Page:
John W. Ritenbaugh
Power Belongs to God (Part Two)
2 Timothy 3:1
Sufficient pressure comes from the world, so that, if we are lackadaisical in carrying out our Christian responsibilities, we can easily allow ourselves to follow Satan's arrangement of things, as shown in the world. There is much out there that is attractive to human nature and to true Christians, and we can see, despite two thousand years of preaching by the church, the overwhelming majority is still following the broad way.
The world makes it seem as though Christianity is an abject failure—an altruistic experience that has gone awry. The world gives every impression that God has either gone far off, and that His whole creation is nothing more than a kind of cosmic joke. Some believe God never really did care, and the creation is a mere plaything of His with no positive, beneficial purpose in mind.
Thus, with that kind of approach, if we are lackadaisical, the world can be very persuasive. When viewing the expanse of Christian history, it is not difficult for a carnal person to reach the conclusion that God has good intentions, but that He is frequently disappointed because Satan outwits Him or man thwarts Him. God, then, is frustrated in everything that He tries to do. It is as if He says that He wants to bless men, but they will not let Him.
Who with that perspective could take God seriously? It makes it easy to think—and thus to live—as though God really is not sovereign in His creation. We must take these thoughts and questions seriously, yet considering them directly, as we are doing now, we are likely to say that we do not think that way.
We think that God is in complete and total control, ruling His creation. We hope and believe that is true. Even so, experience shows that, though we confess this, we sometimes—perhaps often—live and talk as the world does. Who will not think or live that way? Those who really live by faith.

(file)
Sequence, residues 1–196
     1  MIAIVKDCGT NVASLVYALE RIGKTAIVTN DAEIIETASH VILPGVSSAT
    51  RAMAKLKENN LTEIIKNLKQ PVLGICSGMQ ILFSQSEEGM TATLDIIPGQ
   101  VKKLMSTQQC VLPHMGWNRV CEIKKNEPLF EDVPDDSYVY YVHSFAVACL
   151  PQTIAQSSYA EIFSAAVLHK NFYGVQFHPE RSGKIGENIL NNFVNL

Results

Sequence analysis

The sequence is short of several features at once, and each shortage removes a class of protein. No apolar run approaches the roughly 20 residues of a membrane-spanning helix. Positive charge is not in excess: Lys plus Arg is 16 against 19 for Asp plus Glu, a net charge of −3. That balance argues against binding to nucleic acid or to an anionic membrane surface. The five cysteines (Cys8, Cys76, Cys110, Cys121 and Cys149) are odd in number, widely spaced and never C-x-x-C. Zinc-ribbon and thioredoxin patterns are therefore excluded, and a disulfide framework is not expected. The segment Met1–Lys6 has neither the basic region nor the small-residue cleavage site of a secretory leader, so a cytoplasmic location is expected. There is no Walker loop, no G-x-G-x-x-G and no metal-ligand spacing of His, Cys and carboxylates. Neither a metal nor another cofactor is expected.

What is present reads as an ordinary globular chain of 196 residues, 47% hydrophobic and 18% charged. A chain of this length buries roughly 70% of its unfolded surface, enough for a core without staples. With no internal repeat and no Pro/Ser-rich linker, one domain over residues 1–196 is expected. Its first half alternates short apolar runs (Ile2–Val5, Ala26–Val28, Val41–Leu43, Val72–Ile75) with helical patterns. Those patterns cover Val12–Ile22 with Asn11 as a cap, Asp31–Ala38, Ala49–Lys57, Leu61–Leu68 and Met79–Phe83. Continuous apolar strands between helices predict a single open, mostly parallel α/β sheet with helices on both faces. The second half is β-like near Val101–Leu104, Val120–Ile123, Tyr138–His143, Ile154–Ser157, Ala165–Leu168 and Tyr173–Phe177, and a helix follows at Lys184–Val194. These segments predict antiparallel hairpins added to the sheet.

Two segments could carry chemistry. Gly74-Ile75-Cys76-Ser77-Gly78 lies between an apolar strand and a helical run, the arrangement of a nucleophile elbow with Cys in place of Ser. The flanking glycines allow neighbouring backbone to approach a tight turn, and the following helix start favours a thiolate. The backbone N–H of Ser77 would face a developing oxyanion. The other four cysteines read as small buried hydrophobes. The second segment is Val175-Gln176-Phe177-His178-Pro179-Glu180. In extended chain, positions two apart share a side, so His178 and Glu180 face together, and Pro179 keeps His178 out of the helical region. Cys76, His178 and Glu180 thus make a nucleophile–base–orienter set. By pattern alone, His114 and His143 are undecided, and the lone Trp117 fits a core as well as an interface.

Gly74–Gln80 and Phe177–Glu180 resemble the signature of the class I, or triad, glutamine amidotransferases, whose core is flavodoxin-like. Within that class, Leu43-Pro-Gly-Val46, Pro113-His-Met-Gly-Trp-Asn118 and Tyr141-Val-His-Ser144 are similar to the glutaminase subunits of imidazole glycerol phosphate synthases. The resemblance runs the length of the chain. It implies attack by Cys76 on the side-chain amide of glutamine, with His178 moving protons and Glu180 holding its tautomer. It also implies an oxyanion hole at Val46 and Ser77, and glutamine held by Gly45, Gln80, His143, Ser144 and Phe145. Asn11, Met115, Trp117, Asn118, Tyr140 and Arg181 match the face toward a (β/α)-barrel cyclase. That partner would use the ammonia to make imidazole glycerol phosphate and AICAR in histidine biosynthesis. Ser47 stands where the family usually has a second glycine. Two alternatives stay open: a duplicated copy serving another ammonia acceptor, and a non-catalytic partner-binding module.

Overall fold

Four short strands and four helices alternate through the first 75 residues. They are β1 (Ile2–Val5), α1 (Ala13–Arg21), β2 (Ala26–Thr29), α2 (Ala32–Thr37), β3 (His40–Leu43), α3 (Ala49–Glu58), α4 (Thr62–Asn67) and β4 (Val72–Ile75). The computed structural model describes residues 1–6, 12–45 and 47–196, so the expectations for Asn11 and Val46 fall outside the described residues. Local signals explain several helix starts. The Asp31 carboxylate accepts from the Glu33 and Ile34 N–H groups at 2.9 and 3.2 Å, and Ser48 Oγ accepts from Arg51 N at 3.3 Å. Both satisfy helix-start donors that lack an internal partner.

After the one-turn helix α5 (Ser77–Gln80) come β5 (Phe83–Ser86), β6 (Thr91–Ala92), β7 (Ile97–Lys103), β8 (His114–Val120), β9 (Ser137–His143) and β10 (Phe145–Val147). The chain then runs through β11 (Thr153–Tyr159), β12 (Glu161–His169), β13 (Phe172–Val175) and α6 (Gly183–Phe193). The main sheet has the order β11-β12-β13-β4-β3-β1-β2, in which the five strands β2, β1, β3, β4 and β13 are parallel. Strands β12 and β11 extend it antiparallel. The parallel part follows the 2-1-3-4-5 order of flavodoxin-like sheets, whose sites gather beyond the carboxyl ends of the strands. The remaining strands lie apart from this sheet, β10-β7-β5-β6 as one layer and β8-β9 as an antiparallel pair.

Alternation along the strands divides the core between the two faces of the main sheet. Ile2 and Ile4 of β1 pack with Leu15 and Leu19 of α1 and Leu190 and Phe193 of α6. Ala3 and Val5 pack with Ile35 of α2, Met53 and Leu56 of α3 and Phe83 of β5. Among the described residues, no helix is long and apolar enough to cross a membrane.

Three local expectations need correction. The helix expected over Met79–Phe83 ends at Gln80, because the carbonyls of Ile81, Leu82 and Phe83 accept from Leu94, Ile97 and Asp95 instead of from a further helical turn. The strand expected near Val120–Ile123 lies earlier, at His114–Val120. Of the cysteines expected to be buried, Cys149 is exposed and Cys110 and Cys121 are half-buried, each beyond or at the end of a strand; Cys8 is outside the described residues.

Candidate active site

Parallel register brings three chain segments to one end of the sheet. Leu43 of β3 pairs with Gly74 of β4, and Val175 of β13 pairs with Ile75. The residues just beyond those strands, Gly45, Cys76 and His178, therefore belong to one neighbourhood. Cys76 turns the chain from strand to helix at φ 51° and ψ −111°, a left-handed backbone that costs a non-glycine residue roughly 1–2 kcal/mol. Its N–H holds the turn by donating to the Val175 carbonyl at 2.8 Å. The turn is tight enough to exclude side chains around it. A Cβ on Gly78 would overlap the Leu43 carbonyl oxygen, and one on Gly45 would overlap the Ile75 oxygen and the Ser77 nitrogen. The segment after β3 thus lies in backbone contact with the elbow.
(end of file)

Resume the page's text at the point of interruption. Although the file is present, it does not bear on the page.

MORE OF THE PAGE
What does "walk by faith" mean? It means that we are allowing our thoughts to be formed, and therefore our conduct guided, by God's Word, because faith comes by hearing, and hearing by means of the word of God (Romans 10:17). The most frequently repeated command, charge, or exhortation of Jesus Christ during His ministry can be reduced to one word: "listen"! What did He mean? "Listen to the message!"—because this is the very thing that mankind has not done. Faith comes by hearing.
Faith comes by means of listening to the Word of God. How much faith is being displayed on earth today? Not very much! There is so little, that Jesus wondered, "When the Son of man comes, will He find any faith on earth?" He will not find much because not very many people think God is the Sovereign Ruler of His creation. It is that simple! They may think they believe it, but their lives do not show it. If their lives showed it, it would prove that they really were listening to the Word of God.
John W. Ritenbaugh
The Sovereignty of God (Part One)
We have generally understood this verse to mean that the material creation, which we can clearly see, was produced from invisible spirit. It is certainly a possible meaning, but it is probably not its primary one. In his book, Great Cloud of Witnesses (pp. 12-14), E. W. Bullinger provides an alternative that appears more accurate and fitting within the context of Hebrews 11.
The word "worlds" is translated from the Greek aion, meaning "age," in the sense of a period of time or a dispensation. It derives from a root that means "continued," and it is used as "world" only when "world" gives a better sense of a period of time, not the physical creation. It could be used if one said "the world that then was" or "the world to come."
"Framed" also appears in Hebrews 10:5, where it is more clearly and accurately translated "prepared." It means "to complete thoroughly," "to rule" (even "overrule"), or "to order" (by God in this case). "Word" is not logos but rhema, meaning "revealed words." Finally, "made" is ginomai, which means "to generate," "to cause to be," "to happen," or "to come to pass." It is not the word normally used to indicate God is creating.
Using these definitions, we could translate the verse as, "By faith we perceive by the revealed words of God that the ages were prepared, so that the things we see come to pass not from things that appear." Those of us who walk by faith know that a great Unseen Hand guides, indeed overrules, events on this earth. This verse means that the historical events we read of in God's Word were not chance occurrences, but God was working behind the scenes to bring His purpose to the conclusion He has foreordained. In short, it says, "God controls the march of history." The great men and women listed in Hebrews 11 lived their lives firmly knowing this truth. That is why they could live in faith.